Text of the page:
More than half the convictions were for speeding, drink-driving or other motoring offences, according to the figures obtained by the Liberal Democrats from 41 of Britain's 52 police forces.

Another 210 officers have been dismissed or been required to resign in the past five years because of their criminal convictions.

Liberal Democrat Home Affairs Spokesman Chris Huhne said officers convicted of violence or dishonesty should be dismissed immediately.

"A serving police officer is expected by members of the public to be self controlled and self restrained in the use of force," Huhne told BBC television.

"If there is dishonesty, police offices can't actually do their duty in giving evidence ... the defense would completely shred their credibility in court."

Battersea Boy said...

Why did no member of the public approach a police office and say, with reference to the 'Butchers of Basra' protestors:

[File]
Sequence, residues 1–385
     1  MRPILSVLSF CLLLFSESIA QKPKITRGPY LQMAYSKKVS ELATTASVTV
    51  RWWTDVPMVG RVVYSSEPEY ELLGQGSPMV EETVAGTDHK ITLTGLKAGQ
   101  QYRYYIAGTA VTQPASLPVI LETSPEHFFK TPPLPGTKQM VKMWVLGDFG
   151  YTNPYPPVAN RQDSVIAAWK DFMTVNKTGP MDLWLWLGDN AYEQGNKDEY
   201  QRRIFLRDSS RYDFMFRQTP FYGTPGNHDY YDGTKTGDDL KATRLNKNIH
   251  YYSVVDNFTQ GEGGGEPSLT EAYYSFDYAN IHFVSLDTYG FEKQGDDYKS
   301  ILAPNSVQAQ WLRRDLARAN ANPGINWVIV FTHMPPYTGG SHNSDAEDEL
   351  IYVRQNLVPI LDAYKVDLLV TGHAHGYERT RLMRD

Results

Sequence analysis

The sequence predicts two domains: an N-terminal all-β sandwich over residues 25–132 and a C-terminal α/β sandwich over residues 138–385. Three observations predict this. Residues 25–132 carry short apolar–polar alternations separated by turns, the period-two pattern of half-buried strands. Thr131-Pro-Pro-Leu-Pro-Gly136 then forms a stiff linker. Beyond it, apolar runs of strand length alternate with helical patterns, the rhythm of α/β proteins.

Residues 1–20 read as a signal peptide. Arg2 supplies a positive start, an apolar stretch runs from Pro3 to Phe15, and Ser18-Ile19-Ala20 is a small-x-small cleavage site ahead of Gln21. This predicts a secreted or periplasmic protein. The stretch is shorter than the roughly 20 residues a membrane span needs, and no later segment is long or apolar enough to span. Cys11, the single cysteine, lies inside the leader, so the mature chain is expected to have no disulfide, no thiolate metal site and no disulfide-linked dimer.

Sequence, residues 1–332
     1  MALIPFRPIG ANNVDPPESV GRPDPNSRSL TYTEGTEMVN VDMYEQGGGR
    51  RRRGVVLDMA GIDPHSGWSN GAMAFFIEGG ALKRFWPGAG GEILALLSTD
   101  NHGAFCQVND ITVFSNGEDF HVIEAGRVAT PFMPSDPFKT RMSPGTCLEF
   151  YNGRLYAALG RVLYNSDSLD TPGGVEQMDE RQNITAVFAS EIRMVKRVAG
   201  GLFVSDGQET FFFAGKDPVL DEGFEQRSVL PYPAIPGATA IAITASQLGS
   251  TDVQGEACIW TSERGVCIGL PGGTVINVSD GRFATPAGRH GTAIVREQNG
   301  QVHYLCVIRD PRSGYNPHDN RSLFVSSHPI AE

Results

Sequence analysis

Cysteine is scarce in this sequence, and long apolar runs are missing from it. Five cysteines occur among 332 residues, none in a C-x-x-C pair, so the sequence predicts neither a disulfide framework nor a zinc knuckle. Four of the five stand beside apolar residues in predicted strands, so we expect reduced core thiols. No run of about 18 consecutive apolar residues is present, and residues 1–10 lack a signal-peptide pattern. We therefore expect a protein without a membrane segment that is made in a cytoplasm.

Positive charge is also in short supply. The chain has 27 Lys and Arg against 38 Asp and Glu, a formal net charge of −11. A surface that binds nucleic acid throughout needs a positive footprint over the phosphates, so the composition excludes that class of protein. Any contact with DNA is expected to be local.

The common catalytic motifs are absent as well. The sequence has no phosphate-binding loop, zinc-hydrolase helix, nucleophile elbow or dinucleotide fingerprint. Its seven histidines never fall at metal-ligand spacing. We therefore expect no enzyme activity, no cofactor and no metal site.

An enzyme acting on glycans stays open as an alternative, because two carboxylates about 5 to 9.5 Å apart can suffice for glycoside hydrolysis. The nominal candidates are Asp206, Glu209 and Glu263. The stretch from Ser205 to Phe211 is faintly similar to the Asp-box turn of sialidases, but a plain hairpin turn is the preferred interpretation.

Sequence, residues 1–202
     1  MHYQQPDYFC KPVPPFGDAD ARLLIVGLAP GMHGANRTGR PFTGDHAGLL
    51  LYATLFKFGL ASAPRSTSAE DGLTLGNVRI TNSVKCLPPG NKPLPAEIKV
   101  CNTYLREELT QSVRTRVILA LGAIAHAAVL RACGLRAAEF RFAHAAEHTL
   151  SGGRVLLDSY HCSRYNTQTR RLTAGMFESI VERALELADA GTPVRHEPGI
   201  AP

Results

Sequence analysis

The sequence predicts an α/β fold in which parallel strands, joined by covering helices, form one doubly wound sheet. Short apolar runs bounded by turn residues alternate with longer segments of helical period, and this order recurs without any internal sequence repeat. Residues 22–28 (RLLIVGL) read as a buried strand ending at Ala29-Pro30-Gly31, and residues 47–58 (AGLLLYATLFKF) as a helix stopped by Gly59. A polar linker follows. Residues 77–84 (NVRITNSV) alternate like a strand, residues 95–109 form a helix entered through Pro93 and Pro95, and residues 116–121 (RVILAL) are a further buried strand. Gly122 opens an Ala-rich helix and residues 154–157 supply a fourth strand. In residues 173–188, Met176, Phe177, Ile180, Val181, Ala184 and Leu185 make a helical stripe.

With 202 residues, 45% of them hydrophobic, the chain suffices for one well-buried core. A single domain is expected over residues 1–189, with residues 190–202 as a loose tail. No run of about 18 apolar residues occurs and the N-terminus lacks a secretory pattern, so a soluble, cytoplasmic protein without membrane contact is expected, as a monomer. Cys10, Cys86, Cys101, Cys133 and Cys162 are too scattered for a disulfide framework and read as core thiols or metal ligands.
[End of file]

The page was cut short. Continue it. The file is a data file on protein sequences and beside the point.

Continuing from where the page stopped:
"Officer. That person's behaviour in making such remarks is unacceptable and clearly designed to provoke a breach of the peace. If you won't do something about it, I will."

Hogdayafternoon said...

Batersea Boy: Probably because he didn't want to be arrested. (From Ex Lavender Hill Boy).

TonyF said...

To Anonymous:-

Chris Huhne...Pure white..?

Advocates hard drugs, and thinks that Opium in it's natural form can be safely experimented with.

Conviction for using a mobile phone whilst driving.

Allegation of illegal use of EU Parliament funds..Insufficient evidence to prosecute, apparently.

Has been accused of holding unethical shares. Against his alleged political platform.

This tosser is one of the 600+ criminals that inhabit the houses of parliament. Now they should be totally without blemish. But No.

blueknight said...

We have to hope that there will be some prosecutions on the basis of the video evidence that has been made public.
I can't speak for this demo but I know that it is more expedient to get the video evidence sorted then arrest and convict using it.
It would be a scandal if some sort of post event investigation was not being undertaken.